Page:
In the 1950s Streatham had the longest and busiest shopping street in south London. Streatham was the site of the first Waitrose supermarket which opened in 1955. However a combination of factors led to gradual decline through the 1970s and a more rapid decline in the 1980s. These included long term population movements out to Croydon, Kingston and Sutton; the growth of heavy traffic on the A23 (main road from central London to Gatwick Airport and Brighton), and lack of redevelopment sites in the town centre. This culminated in 1990 when the closure of Pratts'- a department store, which had grown from a Victorian drapers's shop, and had been operated since the 1940s by the John Lewis Partnership - coincided with the opening of a large Sainsburys supermarket 1km south of the town centre. More recently Sainsbury's opened a smaller 'Local' branch on the High Road, close to the site of the first J Sainsbury store in Stretham (opened in 1895). The company also has offices in Streatham. Other fairly recent additions, such as Argos, are located on the site of Pratts' (see above) but the retail recovery has been slow, and vacant space has been taken by a growing number of restaurants and bars.

Contemporary Streatham

In September 2002, Streatham High Road was voted the "Worst Street in Britain" in a poll organised by the BBC Today programme and CABE. This largely reflected the dominance of through traffic in the High Road. On a positive note this was a catalyst for Lambeth Council and Transport for London's Steet Management to start co-operating. Investment and regeneration had begun before the poll, with local amenity group, The Streatham Society (http://www.streathamsociety.org.uk), leading a successful partnership bid for funding from central government for environmental improvements. Work started with the refurbishment of Streatham Green and repaving and relighting of the High Road in winter 2003-04.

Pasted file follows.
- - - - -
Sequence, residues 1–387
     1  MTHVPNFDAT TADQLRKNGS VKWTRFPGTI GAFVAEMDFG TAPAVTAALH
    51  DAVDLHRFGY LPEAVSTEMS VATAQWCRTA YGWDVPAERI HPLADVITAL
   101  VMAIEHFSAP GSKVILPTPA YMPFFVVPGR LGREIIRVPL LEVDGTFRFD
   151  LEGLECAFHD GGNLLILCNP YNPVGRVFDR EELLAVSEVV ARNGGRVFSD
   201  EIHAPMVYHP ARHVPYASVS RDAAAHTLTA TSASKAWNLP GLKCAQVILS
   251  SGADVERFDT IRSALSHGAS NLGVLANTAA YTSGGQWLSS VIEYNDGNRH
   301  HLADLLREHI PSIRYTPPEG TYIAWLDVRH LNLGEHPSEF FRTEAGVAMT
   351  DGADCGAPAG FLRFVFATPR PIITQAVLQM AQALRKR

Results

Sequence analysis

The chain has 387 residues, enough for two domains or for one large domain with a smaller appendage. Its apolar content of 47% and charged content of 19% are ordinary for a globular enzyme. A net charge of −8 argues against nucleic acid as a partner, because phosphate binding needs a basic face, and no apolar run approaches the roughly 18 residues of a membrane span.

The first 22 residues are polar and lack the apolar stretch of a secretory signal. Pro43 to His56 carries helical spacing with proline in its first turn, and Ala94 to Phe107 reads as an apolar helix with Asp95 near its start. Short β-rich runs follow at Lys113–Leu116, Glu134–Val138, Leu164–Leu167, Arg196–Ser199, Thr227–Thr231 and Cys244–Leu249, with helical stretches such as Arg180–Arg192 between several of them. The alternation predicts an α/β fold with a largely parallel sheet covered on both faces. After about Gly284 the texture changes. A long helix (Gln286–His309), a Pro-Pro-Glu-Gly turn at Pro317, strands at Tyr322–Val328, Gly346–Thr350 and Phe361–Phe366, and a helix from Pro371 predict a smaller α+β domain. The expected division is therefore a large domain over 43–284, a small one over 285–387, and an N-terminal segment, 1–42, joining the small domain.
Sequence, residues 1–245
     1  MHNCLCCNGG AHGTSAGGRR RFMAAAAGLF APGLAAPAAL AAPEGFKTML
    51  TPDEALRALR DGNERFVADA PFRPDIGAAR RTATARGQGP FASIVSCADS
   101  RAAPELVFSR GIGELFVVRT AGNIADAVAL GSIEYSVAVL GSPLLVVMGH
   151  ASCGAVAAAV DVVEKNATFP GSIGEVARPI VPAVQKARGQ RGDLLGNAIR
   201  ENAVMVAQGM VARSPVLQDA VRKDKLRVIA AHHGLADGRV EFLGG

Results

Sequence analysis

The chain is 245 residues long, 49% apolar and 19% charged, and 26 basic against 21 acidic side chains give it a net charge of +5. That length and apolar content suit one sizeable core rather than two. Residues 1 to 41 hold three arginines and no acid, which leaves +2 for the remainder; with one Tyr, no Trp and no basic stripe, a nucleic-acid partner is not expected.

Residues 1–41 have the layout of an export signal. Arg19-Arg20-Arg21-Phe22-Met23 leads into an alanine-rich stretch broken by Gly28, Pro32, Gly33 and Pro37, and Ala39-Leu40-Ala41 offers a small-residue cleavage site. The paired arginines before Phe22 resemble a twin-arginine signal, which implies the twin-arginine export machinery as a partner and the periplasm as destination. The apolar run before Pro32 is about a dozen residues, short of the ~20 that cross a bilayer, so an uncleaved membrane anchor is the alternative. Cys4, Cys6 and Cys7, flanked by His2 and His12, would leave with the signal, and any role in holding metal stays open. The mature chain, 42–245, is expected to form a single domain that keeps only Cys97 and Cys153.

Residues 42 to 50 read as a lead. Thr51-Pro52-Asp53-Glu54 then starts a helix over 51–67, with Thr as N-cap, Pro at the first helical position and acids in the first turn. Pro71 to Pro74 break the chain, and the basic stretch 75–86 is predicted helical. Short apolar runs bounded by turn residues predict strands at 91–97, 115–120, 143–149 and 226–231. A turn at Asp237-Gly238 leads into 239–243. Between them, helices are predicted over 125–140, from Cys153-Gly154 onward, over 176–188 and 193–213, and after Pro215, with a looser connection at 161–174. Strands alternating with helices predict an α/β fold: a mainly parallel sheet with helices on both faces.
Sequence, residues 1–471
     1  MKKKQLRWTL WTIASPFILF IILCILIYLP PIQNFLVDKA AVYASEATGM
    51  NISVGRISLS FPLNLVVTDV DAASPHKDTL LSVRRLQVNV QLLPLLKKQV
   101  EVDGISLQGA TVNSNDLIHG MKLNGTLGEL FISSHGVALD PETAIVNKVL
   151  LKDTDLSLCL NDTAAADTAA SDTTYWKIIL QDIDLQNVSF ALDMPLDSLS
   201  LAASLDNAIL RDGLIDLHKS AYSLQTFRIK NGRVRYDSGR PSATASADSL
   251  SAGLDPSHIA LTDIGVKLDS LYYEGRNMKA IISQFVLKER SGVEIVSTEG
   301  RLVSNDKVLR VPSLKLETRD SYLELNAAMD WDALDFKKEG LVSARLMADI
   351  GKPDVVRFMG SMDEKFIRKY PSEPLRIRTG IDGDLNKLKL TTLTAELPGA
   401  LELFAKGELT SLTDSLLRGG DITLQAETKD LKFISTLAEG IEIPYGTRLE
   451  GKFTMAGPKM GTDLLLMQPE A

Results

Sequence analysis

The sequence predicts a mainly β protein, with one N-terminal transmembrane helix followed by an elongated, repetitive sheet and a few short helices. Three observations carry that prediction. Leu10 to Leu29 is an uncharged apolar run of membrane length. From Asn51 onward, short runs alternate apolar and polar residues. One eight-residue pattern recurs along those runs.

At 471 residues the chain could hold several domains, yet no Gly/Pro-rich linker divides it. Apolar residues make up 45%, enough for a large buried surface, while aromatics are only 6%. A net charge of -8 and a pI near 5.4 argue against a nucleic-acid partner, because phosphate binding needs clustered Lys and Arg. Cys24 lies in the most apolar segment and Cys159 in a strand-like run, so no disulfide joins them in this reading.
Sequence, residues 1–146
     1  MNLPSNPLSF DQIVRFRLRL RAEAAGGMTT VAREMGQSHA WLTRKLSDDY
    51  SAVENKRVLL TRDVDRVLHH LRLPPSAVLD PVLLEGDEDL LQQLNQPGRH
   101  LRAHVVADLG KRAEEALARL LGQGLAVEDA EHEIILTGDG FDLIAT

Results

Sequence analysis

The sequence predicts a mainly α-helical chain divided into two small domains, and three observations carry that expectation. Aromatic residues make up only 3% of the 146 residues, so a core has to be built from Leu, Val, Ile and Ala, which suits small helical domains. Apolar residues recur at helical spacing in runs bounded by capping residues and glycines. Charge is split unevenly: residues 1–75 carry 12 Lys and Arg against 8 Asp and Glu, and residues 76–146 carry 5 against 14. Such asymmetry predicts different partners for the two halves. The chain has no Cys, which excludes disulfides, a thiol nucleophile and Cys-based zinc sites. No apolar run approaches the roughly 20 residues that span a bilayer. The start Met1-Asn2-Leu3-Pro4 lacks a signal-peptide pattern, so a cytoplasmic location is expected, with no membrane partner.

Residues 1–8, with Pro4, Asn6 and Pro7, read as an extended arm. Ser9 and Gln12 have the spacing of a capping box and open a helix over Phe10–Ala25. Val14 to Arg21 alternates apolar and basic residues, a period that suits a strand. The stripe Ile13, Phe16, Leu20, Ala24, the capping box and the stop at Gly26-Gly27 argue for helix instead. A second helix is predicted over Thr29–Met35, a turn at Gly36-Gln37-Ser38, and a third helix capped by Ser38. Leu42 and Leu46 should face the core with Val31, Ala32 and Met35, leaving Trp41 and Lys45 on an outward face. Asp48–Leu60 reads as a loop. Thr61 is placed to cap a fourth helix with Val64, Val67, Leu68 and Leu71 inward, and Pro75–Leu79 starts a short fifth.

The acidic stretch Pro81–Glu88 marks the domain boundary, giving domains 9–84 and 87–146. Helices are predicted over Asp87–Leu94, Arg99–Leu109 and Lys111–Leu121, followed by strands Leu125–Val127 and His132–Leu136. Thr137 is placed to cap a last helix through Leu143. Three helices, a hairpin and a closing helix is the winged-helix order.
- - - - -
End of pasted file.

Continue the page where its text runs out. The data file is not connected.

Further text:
Contemporary Streatham is a place of contrasts, with middle class families occupying houses in leafy streets that sell for in excess of £500,000 while families of asylum seekers, predominantly from Somalia and other north and east African countries are crammed into bedsits above High Road shops.

Famous Streathamites

The only official English Heritage blue plaque in central Streatham is on the childhood home of composer Sir Arnold Bax in Pendennis Road. Just within the modern boundaries of Streatham Hill, although historically it was in Norwood, there is also a blue plaque on the house in Lanercost Road where Arthur Mee the writer of Arthur Mee's Children's Encyclopedia lived.

Perhaps because of its good late night transport connections to the West End, and the availability of apartments as well as family houses, Streatham and nearby Brixton Hill have attracted entertainers to live in the area since the days of Music Hall. There is a Streatham Society (http://www.streathamsociety.org.uk/) plaque to comedian Tommy Trinder in Wellfield Road. Others with local connections include actors Roger Moore, and June Whitfield, and alternative comedians Eddie Izzard and Jeremy Hardy.

Drum and Bass DJ Grooverider is from Streatham as are the first Mayor of London and former head of the GLC Ken Livingstone and super model Naomi Campbell.

Cynthia Payne was a renowned "madam" who made the headlines in the 1970s and 1980s with her brothel in Ambleside Avenue, Streatham.

Nearest places

Nearest railway stations

External links

Navigation

Academic Kids Menu

  • Art and Cultures
    • Art (http://www.academickids.com/encyclopedia/index.php/Art)
    • Architecture (http://www.academickids.com/encyclopedia/index.php/Architecture)